What to do if university isn’t for you

Yasmine’s journey took her full circle from university, TAFE, back to higher education and doing what she loves the most — the art of arranging flowers.

@yasminefloristry on Instagram

The last thing Yasmine wants to be is a cliché. There was no formative experience involving a picnic at the Botanic Gardens, nor a childhood marvelling at her grandmother’s rose bushes. She specifically asks me not to mention that her name means jasmine — the flower — in Persian. She is wearing light blue jeans and a brown pullover with an embroidered flower on the right sleeve.

Yasmine and I first met in 2018, as co-workers at an office in Artarmon. Our desks stood at opposite ends of the building, separated by many lovely older workers, as well as a decades-old filing room I once rearranged by hand (if your boss ever asks how strong you are, feign back problems). Luckily for me, Yasmine’s desk was near the kitchen, so between microwaving my lunch and making coffees, it was relatively easy to manufacture reasons to cross paths. It was the start of my ongoing caffeine addiction, but at least I had a friend.

That was until Yasmine quit.

“I saw an ad for this florist, which is close to where I live. I had been following them on Instagram and I really liked them, so I just decided to apply,” Yasmine says.

Yet her path to floristry wasn’t straightforward. After high school, Yasmine enrolled in a Bachelor of Arts at Macquarie University. She attended for a total of three weeks before realising she wasn’t ready, and ended up dropping out just days before the census date.

If not for the fact that her mother had worked at TAFE, Yasmine says she would not have been aware that a floristry course was even an option.

“I went to Willoughby Girls, and in Year 12 they definitely put an emphasis on getting a good ATAR. They also talked like university was the only option,” she says.

This is the reality for around half of school leavers, with 47.8 per cent of Australians under 25 currently enrolled in a bachelor degree. Worryingly, 19 per cent of undergraduate students had seriously considered leaving their current institution in 2021. For the record, you are allowed to keep your options open.

“I did floristry part-time, and that’s one day a week at TAFE. I still wanted to go to uni, I just wasn’t really sure what I wanted to do, so I took some time first. I went back and did a Bachelor of Arts at Macquarie, and I did international relations as my major, which I really enjoyed and found really interesting.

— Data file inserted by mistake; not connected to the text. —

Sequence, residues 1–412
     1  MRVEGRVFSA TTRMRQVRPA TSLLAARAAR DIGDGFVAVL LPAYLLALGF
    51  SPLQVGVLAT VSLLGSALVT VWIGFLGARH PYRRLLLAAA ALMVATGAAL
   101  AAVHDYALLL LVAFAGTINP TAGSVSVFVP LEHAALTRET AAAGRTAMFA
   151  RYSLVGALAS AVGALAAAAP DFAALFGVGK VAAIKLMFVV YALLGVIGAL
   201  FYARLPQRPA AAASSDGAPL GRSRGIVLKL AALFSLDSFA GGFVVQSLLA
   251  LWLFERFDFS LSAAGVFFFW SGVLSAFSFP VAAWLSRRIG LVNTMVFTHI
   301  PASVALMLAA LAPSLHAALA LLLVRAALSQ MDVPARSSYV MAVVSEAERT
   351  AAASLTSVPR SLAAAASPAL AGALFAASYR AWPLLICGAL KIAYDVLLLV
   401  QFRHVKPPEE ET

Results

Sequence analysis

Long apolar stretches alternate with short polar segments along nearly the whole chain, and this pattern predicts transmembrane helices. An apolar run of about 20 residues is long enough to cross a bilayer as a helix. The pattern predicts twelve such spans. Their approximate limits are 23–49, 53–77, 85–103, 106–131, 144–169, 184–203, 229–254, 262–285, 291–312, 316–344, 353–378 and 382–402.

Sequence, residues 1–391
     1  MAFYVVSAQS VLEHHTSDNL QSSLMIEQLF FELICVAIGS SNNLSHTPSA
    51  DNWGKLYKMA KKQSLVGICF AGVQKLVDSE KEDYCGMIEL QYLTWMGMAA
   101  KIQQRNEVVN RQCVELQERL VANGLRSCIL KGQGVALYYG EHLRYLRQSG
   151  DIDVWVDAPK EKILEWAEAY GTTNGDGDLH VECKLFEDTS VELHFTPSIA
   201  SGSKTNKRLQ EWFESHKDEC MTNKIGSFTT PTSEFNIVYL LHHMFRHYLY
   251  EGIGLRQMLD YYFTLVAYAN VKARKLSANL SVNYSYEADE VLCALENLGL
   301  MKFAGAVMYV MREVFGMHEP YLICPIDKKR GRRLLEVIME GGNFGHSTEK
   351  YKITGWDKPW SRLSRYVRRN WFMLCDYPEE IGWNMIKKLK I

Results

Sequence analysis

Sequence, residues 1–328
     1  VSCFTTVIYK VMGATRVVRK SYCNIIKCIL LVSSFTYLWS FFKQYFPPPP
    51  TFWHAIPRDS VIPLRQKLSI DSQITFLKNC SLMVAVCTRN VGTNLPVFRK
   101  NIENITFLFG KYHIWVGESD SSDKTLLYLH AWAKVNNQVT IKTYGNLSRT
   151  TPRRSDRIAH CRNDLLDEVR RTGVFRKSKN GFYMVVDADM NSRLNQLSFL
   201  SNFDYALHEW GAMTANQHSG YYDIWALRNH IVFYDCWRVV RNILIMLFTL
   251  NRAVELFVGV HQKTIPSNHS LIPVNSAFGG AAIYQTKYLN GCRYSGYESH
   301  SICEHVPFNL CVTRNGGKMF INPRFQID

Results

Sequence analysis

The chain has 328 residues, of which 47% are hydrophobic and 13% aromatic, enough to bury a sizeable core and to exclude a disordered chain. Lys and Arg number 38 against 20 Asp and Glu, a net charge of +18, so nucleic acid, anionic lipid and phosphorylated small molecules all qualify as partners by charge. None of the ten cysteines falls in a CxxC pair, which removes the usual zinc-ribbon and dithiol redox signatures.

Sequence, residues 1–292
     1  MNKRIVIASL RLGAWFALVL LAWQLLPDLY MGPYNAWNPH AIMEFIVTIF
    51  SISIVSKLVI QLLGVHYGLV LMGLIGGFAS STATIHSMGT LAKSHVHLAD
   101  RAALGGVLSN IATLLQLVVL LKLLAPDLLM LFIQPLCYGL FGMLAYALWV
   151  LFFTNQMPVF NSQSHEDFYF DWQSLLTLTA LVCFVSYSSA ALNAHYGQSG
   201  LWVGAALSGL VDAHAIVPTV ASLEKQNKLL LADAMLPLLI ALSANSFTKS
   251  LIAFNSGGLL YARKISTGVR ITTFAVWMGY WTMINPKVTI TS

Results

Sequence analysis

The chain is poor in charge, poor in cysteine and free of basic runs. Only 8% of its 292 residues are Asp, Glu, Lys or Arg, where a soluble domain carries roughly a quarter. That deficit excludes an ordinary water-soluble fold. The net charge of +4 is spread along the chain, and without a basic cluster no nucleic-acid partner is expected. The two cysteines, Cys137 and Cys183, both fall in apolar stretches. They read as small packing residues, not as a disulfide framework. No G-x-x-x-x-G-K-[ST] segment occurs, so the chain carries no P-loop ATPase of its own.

“I feel like I have a better understanding of a lot of things than I would if I didn’t go to uni, so I don’t regret it at all,” she says.

Yasmine finished at Macquarie this year, and she now works full-time at The Ivy League florist in Naremburn. Her colleagues have similar stories of finding floristry after leaving vastly different industries.

“We all have done something else and then switched over: one did finance at uni and then worked for PWC. Another of the girls was in events, and my boss did a bunch of stuff first,” she says.

“I think quite a few people in the industry did come from other backgrounds like corporate jobs, but that can actually really help, especially if you are business savvy.”

Part of that business acumen includes an immaculately curated Instagram page.

“Instagram is really huge for floristry. I think that’s how brides and customers find their florist. It’s like having a portfolio,” she says. I can not conceive of a more compelling advertisement for working in a flower shop than this.

“When I go into work and we are all just chatting, it just feels like you are hanging out with your friends. And working with flowers is really nice. Being surrounded by nature is amazing. It definitely isn’t all easy, and it’s not as romantic as it looks, but overall it is a really beautiful place to work.”

Yasmine tells me she needs to leave soon because she promised to walk her neighbour’s dog. 

“If there were other people in your position, unsure, possibly thinking about floristry, what would you say to those people?” I ask.

“I’d definitely say try out whatever it is. Typically people at uni are young, and while we are this age it is easier to take risks like that rather than when you’re older and maybe have more responsibility. It’s scary, but in a way, I feel like it is easier to do it now.”

“I’m definitely happy. I don’t know. I don’t know what I’ll be doing in ten years, maybe I will go back and use my degree. But for now I’m really happy.”